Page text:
Postpartum mental illness, a battle faced by 80 per cent of mothers, can progress for over two weeks following childbirth. Commonly known as “baby blues”, it begins as mood swings caused by the erratic hormonal fluctuations experienced during and after childbearing.
If a mother’s symptoms progress, the baby blues can evolve into a fully-fledged mental illness, such as postpartum depression, post-traumatic stress disorder (PTSD) and postpartum psychosis. Given that childbearing is an incredibly life-changing experience, it is only appropriate to understand its repercussions so that mothers in need may be noticed and given support.
Postpartum depression (PPD) is a form of depression that occurs after childbirth. It is less common than baby blues and is experienced by 10-20 per cent of new mothers. PPD manifests like clinical depression, with additional symptoms such as fears over the infant’s health, unexplained aches and pains, feelings of disconnection from the infant, and in some cases, intrusive thoughts of harming the infant.
It is advised that the mother sees a mental health professional for a clinical diagnosis, especially if these symptoms last more than two weeks.
Research has brought to light that PPD is possibly triggered by hormonal changes after childbirth and accompanying riskiness, and the general stress of a new life. After giving birth, there is an intense decrease in serotonin levels, which is said to cause PPD. As childbirth is a strenuous and physically demanding process, the accompanying risks can add more stress and propagate depression.
PPD can also put a strain on the mother-child relationship, which is of utmost importance. A mother’s attention to her child significantly wanes when she has depression; studies show that infants with depressed mothers are delayed in their cognitive development, as attention and bond are crucial in their formative years.
Fortunately, PPD is preventable through early detection. Women are encouraged to be screened by a physician to determine their potential for developing PPD. Above all else, support from friends and family, and possibly counselling to overcome mental plights, can eliminate this mental illness.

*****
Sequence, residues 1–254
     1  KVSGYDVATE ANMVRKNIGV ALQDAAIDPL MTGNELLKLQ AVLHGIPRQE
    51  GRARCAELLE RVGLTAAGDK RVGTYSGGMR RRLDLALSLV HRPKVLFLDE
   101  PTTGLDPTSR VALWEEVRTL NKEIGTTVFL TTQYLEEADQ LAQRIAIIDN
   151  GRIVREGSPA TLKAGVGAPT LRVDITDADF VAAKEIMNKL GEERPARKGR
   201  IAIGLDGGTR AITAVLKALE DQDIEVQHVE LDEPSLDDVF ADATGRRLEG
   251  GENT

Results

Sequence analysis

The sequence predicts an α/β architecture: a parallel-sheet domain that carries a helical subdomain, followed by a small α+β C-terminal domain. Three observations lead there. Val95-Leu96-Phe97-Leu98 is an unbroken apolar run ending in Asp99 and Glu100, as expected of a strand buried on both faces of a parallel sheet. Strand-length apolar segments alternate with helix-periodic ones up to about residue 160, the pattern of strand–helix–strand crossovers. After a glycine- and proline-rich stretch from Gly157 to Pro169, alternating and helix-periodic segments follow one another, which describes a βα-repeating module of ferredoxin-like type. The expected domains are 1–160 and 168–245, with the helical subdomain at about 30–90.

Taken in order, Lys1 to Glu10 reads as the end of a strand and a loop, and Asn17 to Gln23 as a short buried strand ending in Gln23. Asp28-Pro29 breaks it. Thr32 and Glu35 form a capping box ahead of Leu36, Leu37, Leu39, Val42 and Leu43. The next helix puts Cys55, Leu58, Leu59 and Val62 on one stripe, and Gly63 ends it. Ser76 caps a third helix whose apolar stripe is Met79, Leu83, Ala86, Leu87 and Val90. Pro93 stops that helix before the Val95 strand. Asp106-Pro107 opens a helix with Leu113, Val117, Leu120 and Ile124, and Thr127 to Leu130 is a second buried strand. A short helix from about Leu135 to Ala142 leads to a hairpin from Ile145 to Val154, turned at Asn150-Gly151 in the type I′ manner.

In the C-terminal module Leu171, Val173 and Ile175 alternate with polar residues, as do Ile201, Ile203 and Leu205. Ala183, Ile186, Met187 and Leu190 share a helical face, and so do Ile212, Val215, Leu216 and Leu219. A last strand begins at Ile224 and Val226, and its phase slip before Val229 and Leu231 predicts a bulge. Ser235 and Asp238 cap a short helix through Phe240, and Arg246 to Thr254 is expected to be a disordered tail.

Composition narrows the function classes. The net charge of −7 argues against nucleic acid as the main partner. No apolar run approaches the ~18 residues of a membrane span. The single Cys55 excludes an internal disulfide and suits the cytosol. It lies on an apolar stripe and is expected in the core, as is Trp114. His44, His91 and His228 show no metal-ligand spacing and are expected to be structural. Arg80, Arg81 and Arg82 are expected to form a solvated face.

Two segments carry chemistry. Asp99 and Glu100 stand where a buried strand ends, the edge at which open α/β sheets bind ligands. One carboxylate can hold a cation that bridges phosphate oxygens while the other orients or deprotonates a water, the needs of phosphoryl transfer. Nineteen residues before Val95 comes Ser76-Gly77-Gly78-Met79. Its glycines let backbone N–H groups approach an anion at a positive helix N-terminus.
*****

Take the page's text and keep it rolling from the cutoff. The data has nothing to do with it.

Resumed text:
Birth-Related Post-traumatic Stress Disorder
Another postpartum mental disorder is birth-related PTSD. It usually occurs after childbirth and affects nine per cent of mothers. The condition comprises two aspects: witnessing or experiencing a threatening event and responding with extreme fear or horror.
Symptoms of birth-related PTSD include:
- Panic and anxiety when in the environment where the birth happened;
- Flashbacks of the unpleasantries of the birthing experience; and
- Feelings of detachment and irritability.
For this reason, mothers affected by this mental disorder tend to feel undeserving of their child and take on unnecessary blame. Support, counselling and self-expression are vital in soothing this trauma.
Postpartum psychosis (PPP) is the rarest and most severe condition of the three, only affecting 10 per cent of one per cent of new mothers. It establishes itself within the first three weeks after childbirth, and its symptoms align with psychotic reactions, namely hallucinations and delusions that revolve around the infant.
The psychosis manifests itself:
- Physically, when the mother refuses to eat or has random outbursts of energy;
- Mentally, showing extreme memory loss and confusion; and
- Behaviourally, by making irrational statements or paranoia.
Mothers diagnosed with PPP generally have underlying mood disorders and should be hospitalised until they are stable. Doctors usually prescribe mood stabilisers, antidepressants or antipsychotic medication to remedy the psychosis. Notably, mothers who experience PPP once are likely to experience it again if they have another pregnancy.
Women’s Mental Health
Studies show that one in eight women are likely to develop clinical depression in their lifetime. When coupled with the likelihood of pregnancy, childbirth and motherhood, the combination is bound to stimulate or worsen mental disorders. While these milestones are rewarding, they come with their toll that might not reflect overtly but should be given attention. Thankfully, our societies are encouraging counselling and the aid of medication to help all mothers overcome this plight freely.
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